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The most immediate and visible difference will be the company’s redesign of its core Facebook app, which is changing colour from blue to white and shifting more emphasis toward conversations and content from groups. Facebook also plans to expand a dating service on the core app, which has been available in Canada since November, and launch a service to help people meet new friends.

Some of the most significant changes are set to come to Messenger, a private messaging app popular in the United States and Canada. Messenger users will be able to see posts from across Facebook and Instagram, watch videos and book services at businesses within the app. Messenger will eventually be encrypted so that users won’t have “to worry about hackers, governments or even us being able to see what you’re saying,” Mr. Zuckerberg said.

Facebook also said it plans to crack down on bullying and peer pressure on Instagram, its photo-sharing app. It is studying features such as hiding the number of likes a post receives and alerting users when they post harassing messages on the platform.

Even as Mr. Zuckerberg said he was focused on private services, he offered no updates to previously announced privacy features on Tuesday, including a plan revealed last year to eventually allow users to be able to clear their search histories on Facebook. And Facebook executives also discussed plans to give businesses a broader array of tools to target users through their private messaging apps.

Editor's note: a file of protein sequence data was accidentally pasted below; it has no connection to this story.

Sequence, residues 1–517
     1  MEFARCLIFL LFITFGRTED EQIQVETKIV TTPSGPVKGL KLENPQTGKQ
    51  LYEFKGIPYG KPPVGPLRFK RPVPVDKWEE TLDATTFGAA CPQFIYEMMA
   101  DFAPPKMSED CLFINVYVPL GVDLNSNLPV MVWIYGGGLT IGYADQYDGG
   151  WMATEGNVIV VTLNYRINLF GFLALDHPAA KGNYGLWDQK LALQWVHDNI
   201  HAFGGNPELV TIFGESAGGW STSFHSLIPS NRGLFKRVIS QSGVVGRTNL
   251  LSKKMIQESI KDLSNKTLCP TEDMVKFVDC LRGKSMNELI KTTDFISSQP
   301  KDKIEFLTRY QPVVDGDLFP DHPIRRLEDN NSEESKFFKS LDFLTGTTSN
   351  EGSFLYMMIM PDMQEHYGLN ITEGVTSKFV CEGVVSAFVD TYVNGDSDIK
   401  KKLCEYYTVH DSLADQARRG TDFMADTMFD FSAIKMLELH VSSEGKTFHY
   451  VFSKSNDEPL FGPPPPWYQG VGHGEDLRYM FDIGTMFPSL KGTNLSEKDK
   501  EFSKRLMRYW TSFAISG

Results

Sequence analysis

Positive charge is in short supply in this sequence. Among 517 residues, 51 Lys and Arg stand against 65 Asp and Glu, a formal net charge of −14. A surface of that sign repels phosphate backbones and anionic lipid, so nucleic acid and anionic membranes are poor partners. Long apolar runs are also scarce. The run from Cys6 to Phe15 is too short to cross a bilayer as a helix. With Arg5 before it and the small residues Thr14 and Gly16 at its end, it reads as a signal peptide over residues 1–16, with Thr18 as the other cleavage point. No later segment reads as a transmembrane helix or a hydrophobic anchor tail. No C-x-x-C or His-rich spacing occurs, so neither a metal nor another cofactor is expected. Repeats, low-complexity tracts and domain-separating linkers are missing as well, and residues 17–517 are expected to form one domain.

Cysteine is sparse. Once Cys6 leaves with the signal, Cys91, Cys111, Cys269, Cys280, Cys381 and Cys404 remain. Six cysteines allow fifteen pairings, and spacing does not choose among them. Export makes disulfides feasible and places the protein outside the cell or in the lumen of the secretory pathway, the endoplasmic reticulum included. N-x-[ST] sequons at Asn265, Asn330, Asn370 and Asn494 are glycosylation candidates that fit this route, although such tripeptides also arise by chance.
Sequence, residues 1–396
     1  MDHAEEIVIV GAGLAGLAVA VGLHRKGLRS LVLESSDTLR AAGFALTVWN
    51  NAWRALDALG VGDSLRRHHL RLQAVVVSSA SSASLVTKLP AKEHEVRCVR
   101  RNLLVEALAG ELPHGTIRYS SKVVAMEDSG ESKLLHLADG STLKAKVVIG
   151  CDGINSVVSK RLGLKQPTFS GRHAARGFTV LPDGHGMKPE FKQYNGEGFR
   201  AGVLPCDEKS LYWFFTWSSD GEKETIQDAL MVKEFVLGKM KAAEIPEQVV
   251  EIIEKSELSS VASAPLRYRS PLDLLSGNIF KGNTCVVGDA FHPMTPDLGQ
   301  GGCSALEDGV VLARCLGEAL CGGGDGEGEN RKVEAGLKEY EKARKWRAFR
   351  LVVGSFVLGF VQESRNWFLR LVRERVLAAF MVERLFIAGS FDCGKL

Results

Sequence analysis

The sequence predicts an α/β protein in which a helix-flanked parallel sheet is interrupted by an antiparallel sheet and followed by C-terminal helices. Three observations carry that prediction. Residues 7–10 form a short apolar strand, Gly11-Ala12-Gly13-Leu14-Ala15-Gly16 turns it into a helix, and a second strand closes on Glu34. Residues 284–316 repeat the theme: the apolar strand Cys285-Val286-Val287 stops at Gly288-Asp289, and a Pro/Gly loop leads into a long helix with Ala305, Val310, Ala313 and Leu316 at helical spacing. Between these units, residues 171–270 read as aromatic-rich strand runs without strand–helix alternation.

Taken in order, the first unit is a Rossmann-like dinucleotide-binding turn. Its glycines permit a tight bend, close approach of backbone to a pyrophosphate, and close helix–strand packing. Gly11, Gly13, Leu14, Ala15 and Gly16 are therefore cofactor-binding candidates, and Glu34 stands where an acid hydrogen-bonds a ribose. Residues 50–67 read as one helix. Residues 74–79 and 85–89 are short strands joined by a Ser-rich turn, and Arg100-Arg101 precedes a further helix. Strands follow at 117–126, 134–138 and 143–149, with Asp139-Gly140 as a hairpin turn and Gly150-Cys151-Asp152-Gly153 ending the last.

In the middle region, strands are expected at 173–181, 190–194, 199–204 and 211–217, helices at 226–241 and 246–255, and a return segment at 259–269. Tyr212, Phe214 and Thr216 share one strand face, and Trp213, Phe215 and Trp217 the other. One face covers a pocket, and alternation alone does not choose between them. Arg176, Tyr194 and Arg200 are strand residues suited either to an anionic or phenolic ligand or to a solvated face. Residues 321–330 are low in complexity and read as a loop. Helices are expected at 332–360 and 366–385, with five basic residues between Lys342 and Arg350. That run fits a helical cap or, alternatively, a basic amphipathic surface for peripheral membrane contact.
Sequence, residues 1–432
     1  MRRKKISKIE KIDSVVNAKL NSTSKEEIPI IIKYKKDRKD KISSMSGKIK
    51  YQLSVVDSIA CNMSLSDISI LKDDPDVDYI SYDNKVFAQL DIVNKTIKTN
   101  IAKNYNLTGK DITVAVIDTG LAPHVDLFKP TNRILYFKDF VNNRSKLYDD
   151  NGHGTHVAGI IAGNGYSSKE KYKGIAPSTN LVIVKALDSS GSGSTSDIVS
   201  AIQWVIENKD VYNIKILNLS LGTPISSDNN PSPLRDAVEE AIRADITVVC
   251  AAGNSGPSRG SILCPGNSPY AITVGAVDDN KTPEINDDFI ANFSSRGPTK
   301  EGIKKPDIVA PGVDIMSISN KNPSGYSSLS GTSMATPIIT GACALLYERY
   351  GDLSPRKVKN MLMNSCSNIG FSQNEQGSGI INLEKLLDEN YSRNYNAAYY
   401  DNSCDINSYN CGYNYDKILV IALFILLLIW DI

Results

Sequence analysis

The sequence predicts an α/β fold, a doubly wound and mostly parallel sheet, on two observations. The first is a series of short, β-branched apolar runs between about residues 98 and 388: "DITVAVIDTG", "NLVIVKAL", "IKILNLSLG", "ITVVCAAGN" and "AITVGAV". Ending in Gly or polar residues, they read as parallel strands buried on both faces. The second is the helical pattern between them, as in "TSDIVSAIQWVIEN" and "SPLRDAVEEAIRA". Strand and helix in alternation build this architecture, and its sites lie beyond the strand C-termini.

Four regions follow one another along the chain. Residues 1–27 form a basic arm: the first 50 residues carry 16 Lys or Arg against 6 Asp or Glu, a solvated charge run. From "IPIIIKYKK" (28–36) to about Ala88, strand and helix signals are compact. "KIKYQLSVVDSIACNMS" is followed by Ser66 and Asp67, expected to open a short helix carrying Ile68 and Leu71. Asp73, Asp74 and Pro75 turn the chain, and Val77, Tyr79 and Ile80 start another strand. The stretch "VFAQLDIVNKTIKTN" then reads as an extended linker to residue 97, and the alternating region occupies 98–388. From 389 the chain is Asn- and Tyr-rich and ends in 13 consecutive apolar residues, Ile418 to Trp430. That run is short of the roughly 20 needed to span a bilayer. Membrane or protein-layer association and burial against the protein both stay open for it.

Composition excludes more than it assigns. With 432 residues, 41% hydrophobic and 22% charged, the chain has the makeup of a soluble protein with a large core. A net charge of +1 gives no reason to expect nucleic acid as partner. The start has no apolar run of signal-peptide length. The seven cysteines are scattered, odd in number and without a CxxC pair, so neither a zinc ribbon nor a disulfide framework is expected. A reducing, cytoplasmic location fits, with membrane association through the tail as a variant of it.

The company faces challenges in banking its future on private messaging. While Facebook may be the world’s largest social-media platform with more than two billion daily users, it faces stiff global competition when it comes to messaging apps.

Mr. Zuckerberg told investors last week that Facebook is not the most popular private communications service in the United States or Japan, two of the company’s largest markets. Apple’s iPhone iMessenger is popular in the United States, while Korean messaging app Line is used widely in Japan. Facebook is eyeing the success of WeChat in particular, which has one billion users in China. The app allows users to shop, make a doctor’s appointment, pay bills and book flights within its app.

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“In some countries, more people have a WhatsApp account than a bank account,” said Ami Vora, vice-president of product marketing at WhatsApp. “What if we could make sending money as simple as sending a message?”

Facebook also has yet to make much money from its private messaging apps. Nearly all of its revenue comes from advertising that targets consumers on Facebook and Instagram, mainly through public news feeds. Executives said last week that Facebook was still in the “very early” stages of making money from Messenger and was not earning any ad revenue from WhatsApp.

Mr. Zuckerberg also warned investors that the company was focused more on building out its private messaging services in the near future than monetizing them.

He also acknowledged the risks involved in moving more conversations outside of public view. The company plans to tweak algorithms to make groups that spread misinformation less prominent. Mr. Zuckerberg also said he would take at least a year to consult with experts and governments on plans to encrypt private messaging services, which would prevent even Facebook from being able to see what is shared among users.

“There are real trade-offs between making your messages and private communications as secure as possible on the one hand and our ability to prevent people from doing bad things on the other hand,” he said.